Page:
Tuesday, December 16, 2014

The Making Of The Modern Pro Game, part 4

Today's installment is a short one and if you're like Paintball Industry executive types this one should have your full attention. It's ...

All Paintball companies, big and small, want to reach the widest possible audience of consumers as cheaply and effectively as possible. Nowadays they do it with sponsored teams, participation at the big events and media ad purchases but incrementally they are turning their attentions to TV. This isn’t an either/or proposition but budgets are finite and choices will have to be made. Once TV enters the equation on a routine basis it’s another slice (a big one) out of the marketing pie. Consider these options: small growing company can either sponsor low ranked Pro ream or high ranked Am team or they can help sponsor a league on TV and capture a small but glamorous slice of that league’s appeal. Part of any team’s marketing power depends on their results but the league is front and center all the time. Whose pocket do you think those future dollars are gonna line?
The same applies to the dreamed of outside of industry sponsors only more so. All they want is for potential customers to associate their product with the pleasure of Paintball and being the official snack cake of the NXL is likely to serve their interests better than choosing to support a particular team.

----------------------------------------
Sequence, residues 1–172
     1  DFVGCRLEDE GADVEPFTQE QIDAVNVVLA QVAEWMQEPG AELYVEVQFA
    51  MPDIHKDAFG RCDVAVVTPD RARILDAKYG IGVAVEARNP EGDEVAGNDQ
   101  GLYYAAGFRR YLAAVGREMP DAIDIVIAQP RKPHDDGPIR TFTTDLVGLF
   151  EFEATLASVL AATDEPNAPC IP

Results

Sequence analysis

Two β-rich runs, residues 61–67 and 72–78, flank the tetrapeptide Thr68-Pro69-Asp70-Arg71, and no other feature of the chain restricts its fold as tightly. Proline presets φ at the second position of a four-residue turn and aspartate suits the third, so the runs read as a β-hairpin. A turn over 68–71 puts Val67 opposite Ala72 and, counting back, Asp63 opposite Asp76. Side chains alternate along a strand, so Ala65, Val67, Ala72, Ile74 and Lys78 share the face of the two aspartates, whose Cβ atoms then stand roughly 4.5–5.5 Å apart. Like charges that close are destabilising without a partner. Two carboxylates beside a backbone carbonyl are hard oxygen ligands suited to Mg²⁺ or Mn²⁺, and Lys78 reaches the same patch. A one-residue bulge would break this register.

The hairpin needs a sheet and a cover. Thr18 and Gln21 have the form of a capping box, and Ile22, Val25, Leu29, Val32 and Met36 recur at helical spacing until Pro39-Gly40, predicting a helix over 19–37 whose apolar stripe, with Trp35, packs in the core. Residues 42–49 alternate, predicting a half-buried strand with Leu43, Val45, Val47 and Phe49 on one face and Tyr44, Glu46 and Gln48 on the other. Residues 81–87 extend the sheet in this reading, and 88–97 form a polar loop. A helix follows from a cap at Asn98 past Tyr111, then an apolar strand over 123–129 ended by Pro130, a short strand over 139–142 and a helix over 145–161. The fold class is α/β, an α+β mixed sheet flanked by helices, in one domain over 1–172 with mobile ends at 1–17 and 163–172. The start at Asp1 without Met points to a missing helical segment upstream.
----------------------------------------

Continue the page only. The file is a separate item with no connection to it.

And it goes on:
Let’s shift gears for a moment and ask a more basic question. How does TV help the Pro teams right now? It seems to me that while TV offers vastly greater exposure it also ups the ante on advertising and marketing budgets significantly. Short term this may draw away dollars from the teams as Corporate Paintball shifts priorities. Long term TV hopefully expands the market as it reaches the largest possible existing paintball audience and enhances the marketability of the Pro teams. There is no doubt TV would ultimately benefit the participating Pro teams but does TV also usher in the era of irrelevancy if you're not on TV? And even if you are on TV the role you play is significant. Everyone knows who the Harlem Globetrotters are but who remembers the name of the team they play? (For trivia buffs that would be the Washington Generals.) Does TV further widen the existing gulf between the haves and the have-nots? Or create an unbreachable chasm?

Part 5 looks at the economics of the Pro Game and projects the likely future.

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